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In-the-field testing is not a science as such, it is experiential summations derived from perceived reactions to changes, although without being able to clearly declare that the apparent results were as a direct consequence of the changes made on-site, or whether an external factor has played a part, such as a change in the Google algorithm, or an increase in backlinks or any such possibility.

So, in straightforward terms, science based testing should always be more relaible, yet it is far more limiting in its scope.

Creating a Controlled Environment

To gain any validity to any test, it needs to be carried out under as near to a controlled environment as possible.

This means that if we are running tests across five sites, we ideally need the same things happening at roughly the same time to each site.

For example, if we need to view one site for any reason, and click through to a certain inner page, then we need to do that same thing on each of the other sites, so that no one site is assigned any positive ranking factors, as much as we can possibly control.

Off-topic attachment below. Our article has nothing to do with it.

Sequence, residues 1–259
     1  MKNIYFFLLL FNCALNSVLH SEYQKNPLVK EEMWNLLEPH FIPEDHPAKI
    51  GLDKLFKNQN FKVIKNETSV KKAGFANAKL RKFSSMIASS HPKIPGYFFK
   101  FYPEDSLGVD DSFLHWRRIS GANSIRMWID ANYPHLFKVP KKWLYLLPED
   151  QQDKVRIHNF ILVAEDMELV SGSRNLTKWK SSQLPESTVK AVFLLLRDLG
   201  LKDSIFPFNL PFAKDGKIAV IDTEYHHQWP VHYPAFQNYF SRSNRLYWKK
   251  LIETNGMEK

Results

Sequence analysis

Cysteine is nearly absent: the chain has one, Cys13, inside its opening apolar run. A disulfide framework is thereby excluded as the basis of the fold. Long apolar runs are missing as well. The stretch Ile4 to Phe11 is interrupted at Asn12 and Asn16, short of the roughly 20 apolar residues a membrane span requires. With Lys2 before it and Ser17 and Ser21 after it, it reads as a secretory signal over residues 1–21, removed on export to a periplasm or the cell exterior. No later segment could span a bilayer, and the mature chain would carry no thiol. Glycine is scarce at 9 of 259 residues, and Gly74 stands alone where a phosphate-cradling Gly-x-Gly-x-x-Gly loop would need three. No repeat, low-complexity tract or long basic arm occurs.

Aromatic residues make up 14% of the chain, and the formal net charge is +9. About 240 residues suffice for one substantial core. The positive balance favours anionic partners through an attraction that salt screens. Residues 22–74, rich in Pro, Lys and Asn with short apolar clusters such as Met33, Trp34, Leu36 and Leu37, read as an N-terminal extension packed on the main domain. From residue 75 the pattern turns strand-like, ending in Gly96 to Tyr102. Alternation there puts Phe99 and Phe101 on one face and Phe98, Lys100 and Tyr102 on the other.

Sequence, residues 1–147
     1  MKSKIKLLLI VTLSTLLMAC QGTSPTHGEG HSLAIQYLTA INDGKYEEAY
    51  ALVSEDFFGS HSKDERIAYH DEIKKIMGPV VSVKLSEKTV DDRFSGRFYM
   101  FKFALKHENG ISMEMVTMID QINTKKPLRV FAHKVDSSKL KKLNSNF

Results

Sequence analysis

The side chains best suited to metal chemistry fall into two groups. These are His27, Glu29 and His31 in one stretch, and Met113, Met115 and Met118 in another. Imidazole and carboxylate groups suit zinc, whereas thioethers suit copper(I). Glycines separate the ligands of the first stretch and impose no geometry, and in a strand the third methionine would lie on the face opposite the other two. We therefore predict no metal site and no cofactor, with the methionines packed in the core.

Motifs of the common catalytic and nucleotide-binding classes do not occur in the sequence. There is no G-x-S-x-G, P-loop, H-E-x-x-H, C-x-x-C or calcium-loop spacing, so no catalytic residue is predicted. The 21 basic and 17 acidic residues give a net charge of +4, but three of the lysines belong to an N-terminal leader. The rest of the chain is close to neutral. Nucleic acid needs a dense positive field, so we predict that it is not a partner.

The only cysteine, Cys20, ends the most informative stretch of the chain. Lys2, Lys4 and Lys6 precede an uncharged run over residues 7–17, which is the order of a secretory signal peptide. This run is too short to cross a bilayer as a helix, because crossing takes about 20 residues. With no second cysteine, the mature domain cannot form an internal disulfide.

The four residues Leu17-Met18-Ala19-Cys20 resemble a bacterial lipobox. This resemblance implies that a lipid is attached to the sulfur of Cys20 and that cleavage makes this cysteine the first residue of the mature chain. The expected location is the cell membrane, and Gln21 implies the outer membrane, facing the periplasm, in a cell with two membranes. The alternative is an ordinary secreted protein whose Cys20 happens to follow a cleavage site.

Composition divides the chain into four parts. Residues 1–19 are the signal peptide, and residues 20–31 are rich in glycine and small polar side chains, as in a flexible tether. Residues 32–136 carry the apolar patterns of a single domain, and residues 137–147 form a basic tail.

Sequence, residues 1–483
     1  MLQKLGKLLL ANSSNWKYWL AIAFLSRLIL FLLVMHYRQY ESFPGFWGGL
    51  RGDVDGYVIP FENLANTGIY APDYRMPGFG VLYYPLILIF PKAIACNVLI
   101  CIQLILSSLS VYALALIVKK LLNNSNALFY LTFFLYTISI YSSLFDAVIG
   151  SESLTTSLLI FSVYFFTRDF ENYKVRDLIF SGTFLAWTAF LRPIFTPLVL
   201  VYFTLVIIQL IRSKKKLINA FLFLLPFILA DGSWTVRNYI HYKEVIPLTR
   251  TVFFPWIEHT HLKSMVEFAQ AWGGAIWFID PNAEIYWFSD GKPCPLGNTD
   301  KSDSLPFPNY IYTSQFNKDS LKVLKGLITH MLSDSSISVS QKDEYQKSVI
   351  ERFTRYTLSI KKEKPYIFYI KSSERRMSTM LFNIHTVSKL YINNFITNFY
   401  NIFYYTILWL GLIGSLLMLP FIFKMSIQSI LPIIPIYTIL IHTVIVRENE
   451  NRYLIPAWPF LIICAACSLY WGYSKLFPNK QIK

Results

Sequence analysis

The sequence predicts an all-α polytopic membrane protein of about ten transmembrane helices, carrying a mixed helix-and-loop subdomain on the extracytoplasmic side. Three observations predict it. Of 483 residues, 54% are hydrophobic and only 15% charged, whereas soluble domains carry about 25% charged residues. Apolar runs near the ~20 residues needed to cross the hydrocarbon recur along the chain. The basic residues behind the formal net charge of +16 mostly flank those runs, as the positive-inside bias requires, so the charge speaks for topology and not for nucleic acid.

This means that while tests are live, we can’t really disclose the sites that are being tested. If one site was shown during a webinar or presentation, and several attendees visited that site, the results would clearly become skewed.

If all sites were shown, it would still be impossible to expect random visitors to go to each, and to treat each one exactly the same. This means that many live sites cannot therefore be disclosed.

Test sites take a long time to prepare and need to be established with equal caution. If Google find out which sites are being used for testing, there is also a high chance that they would be de-indexed, thereby destroying the test and the work so far.

So, while we will disclose what we can, we simply cannot disclose everything, especially while it is still live.

Creating The Test Sites